Thursday, October 28, 2010

Author of Muskrat Spring

FINDING YOUR LITERARY POT OF GOLD: Every writer has a rainbow.
Sue Frye’s ‘MUSKRAT SPRING’ published in Bumple Magazine’s 2010’s April issue takes the reader on a frolicking adventure of discovery and fun with a curious muskrat who encounters several wild creatures while searching for spring. Sue is a children’s author, poet & storyteller from North Carolina, Ohio and now West Virginia.
As a West Virginia gal, Sue takes full advantage of her golden opportunity of inspiration amid the exuberant green mountains, deep musky hollows and sometimes muddy rivers that creep along the Guyandot’s smooth, clay banks.

1. How and when did you become a published author?
Finding a publisher and becoming an author took several years of writing and a lot of reading. After many years of disappointments, I met my publisher, Dindy Robinson at a conference. She fell in love with one of my first picture books “Bad Dragonflies” and a few days later, she sent me a contract. I signed with Swimming Kangaroo Books that same week which began a new friendship and the long and very satisfying process of publication.

2. Is it true all of your royalties form “Bad Dragonflies” has been donated by you to St. Jude’s Children’s Hospital?
Absolutely. Children are our future. They are the innocent ones -- God love them. It grieves me to see them suffer. St. Jude’s is doing a fabulous job of caring for the children.
I don’t get one penny from my royalties and I’m glad because that means that every time someone buys one of my “Bad Dragonflies” books, the children at St. Jude’s makes the profits. I hope St. Jude’s Children’s Hospital makes a billion dollars. If one child benefits, it will have been worth the effort.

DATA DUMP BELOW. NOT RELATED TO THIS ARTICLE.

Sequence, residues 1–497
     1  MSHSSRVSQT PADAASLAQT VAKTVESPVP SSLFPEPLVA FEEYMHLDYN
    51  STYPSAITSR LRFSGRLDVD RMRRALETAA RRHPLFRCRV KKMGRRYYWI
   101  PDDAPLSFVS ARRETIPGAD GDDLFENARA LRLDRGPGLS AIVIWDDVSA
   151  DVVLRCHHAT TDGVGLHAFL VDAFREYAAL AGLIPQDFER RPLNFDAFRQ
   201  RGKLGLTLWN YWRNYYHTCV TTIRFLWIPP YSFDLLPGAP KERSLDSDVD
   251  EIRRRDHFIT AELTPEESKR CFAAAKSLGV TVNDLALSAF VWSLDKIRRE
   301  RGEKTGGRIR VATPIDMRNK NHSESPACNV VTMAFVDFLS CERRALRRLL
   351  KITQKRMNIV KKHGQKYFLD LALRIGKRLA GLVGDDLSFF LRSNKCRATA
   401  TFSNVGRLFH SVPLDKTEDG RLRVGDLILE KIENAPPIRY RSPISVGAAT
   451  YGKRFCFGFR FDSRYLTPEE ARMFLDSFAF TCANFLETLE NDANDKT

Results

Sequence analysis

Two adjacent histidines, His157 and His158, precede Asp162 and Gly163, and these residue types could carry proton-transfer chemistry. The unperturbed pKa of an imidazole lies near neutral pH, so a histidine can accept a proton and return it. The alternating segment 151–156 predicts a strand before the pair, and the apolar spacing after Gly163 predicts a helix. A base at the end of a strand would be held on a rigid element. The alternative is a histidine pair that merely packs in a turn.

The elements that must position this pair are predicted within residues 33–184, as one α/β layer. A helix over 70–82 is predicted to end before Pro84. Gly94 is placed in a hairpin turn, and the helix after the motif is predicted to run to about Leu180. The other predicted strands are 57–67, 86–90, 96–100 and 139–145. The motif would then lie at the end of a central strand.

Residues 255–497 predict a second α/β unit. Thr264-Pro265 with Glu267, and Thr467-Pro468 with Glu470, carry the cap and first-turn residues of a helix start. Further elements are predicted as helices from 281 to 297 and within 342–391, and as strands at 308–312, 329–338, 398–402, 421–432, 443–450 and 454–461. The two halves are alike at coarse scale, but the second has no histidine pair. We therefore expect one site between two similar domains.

3. What was your most rewarding part of being published?
I feel blessed by all of my friends and acquaintances during my journey to become an author. The whole publishing process was a learning experience. I was thrilled when Swimming Kangaroo Books hired a professional illustrator, Berin Uriegus to do the illustrations and book cover. I consider my publisher, Dindy Robinson a dear friend. She kept me fully informed every step of the way. I was asked for my opinion concerning each and every illustration, I thought that was especially nice of them and very professional.

4. What was the toughest part of writing, Muskrat Spring?
I enjoy writing about animals but I had a hard time deciding which animal to use as my main character in Muskrat Spring. I thought for a long time before deciding which animal would be the most interesting to a child.
Lots of animals roam the mountains of West Virginia. There are large animals like bears and deer. There are cute, quirky animals too. I love the quirky ones and I felt that children would also like to read about them. A few that I considered were opossums, ferrets, ground hogs and muskrats. I chose the latter because -- the muskrat is less written about and there are more plot options available. And also, Muskrats are strange, funny creatures and . . . I like that in my victims. Grin.